I'm not the original poster, but I'll take a stab at it:
The technique of dependency injection has a side effect of introducing the philosophy of inversion of control to your application. The philosophy of inversion of control is all about where decisions happen in your application, and IoC states that they should happen at a higher level of the application or in a point of central authority.
Say you have a logging class in an application where there is no inversion of control. Somewhere else in your application some logic determines that it's necessary to log something and calls your logging class informing it of the log level and the message to log.
Maybe your logging class has some internal logic which states that if the log level is Fatal; it's not only going to log to console, it's also going to send an email. In this situation there's no inversion of control. The decision (which is what IoC is all about) happens at a deep level of your application - inside the logging class which is called by something else.
When you decide to refactor your logging class for inversion of control in this situation, you start by saying I want to make the decision of whether or not to email at a higher point in my application than where it is now. One technique to use to achieve that goal is dependency injection - you could inject a communication strategy into your logging class when you make the call to log. Now your logging class doesn't make any decisions itself - it just interacts with the communication strategy that is injected without caring about the details inside it.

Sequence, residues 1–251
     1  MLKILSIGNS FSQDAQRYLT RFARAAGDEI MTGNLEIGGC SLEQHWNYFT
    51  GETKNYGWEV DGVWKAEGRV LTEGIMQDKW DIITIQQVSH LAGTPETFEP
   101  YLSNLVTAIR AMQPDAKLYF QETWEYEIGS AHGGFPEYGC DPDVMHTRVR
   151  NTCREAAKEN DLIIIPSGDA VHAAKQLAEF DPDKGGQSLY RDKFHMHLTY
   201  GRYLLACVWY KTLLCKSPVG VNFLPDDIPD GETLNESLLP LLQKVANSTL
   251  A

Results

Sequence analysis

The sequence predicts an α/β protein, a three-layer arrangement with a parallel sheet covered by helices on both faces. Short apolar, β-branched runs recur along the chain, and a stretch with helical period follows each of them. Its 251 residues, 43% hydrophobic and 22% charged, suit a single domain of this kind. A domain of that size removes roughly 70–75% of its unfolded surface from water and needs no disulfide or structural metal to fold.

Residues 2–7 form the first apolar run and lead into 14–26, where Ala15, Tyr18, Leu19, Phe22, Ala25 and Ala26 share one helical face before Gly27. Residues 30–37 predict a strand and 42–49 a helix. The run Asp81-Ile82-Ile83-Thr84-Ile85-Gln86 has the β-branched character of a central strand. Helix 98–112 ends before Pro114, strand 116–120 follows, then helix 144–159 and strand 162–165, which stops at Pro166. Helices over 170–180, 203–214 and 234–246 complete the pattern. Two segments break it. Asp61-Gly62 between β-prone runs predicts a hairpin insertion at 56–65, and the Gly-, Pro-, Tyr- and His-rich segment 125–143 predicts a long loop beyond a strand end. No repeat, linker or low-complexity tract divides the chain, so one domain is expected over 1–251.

Dependency injection is probably the most widely known and widely used technique to introduce Inversion of Control, but there are others such as the service locator pattern. In this pattern your logging class is only aware of a single service locator for communication. It calls that service locator and passes on the same information every time, and the service locator decides which communication service to pass that information on to. The decision of communication strategy no longer sits in your logging class, but you're also not injecting any dependencies into the logging class.
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